How can I collect feedback when my patients are too young to respond?
This case will help if you:
- work in paediatrics or neonatology
- have patients who are infants, children or young people
- have patients who cannot give you feedback themselves.
Key points to consider
- It’s important to collect and reflect on patient feedback for revalidation, whatever your role or specialty. If you see a small number of patients, or patients who can’t give you feedback because of their age, you should still assume you have to collect patient feedback and consider how best you can do this.
- You should consider the specific needs of your patients and adapt the process so that you receive a good number of responses from a representative sample of patients you see.
- You can use a ‘proxy’ to respond on behalf of the patient if they are unable to respond. This could be the patient’s family or carer.
- If you think it may not be appropriate to ask a patient or their proxy for feedback because they are too distressed, you should use your professional judgement in such cases. You may need to consider when would be the most appropriate time to approach them for feedback.
- You should not collect feedback responses yourself, or ask your responsible officer or appraiser to do this.
Dr Jez is an Associate Specialist in neonatology working in an NHS hospital. She works in a low dependency unit supervising transitional neonatal care and provides neonatal support to the special care baby unit (SCBU).
Her role is focused on inpatient care with the occasional outpatient clinic. Because of the age of her patients, Dr Jez has to ask parents or carers for feedback.
Gathering enough feedback is challenging due to the low turnover of patients receiving inpatient care. On the postnatal ward Dr Jez sees approximately two to three patients per day, and on the SCBU approximately ten new patients per week. She finds it challenging to ask parents for feedback who have received upsetting news.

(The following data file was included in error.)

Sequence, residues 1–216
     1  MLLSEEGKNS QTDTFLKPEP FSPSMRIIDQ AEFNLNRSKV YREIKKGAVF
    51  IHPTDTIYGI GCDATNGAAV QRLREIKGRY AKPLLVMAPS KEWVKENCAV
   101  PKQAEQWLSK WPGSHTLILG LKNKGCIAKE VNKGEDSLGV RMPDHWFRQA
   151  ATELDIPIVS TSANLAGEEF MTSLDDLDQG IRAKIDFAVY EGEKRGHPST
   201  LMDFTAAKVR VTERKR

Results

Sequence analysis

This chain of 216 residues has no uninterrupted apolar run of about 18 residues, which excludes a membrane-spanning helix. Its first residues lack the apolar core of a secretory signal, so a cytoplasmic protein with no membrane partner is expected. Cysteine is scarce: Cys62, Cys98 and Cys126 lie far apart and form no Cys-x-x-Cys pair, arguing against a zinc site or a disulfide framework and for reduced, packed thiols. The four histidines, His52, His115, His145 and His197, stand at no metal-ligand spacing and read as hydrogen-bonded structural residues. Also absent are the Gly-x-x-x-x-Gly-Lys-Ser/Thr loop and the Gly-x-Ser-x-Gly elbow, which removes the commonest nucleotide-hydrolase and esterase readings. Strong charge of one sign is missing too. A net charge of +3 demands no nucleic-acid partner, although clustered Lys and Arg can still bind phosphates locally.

How the doctor met our requirements
Dr Jez used a tool developed by the RCPCH for use in intensive care unit settings called the Paediatric Carers of Feedback (PaedCCF) tool. It is a feedback form of 17 questions designed for use with parents and carers, but children and young people can complete the questionnaire if they’re able to.
Respondents are asked to give the doctor a rating of between 1 and 5 and there is also a space for free text comments. Doctors should collect 40 responses to make sure their results are sufficiently valid and reliable.
She asked two experienced nurses on the neonatal ward and SCBU to give out feedback forms to parents and carers on her behalf. She let the nurses know when she’d spoken to parents on the ward, or asked them to approach parents they saw her having discussions with in the SCBU.
She used her professional judgement to decide when and how soon to ask parents who had received upsetting news for feedback, and asked the nursing staff to approach the parents at an appropriate time.
She regularly reminded the nurses to hand out the forms to make sure she received enough responses. Asking for feedback on both the postnatal ward and the SCBU meant she was able to get enough responses covering her whole practice.
She arranged for completed questionnaires to be returned to the nurses’ station in a sealed envelope with her name on it.
This meant the she was not directly involved in the administration to ensure anonymity and confidentiality.
The questionnaires were sent to the royal college for collation so that a personalised report summarising the feedback and comparing it against a cohort of peers could be produced for the doctor.
Dr Jez was able to reflect on the quantitative and qualitative patient feedback, which gave a boost to her confidence about her patient interactions and reinforced existing good practice.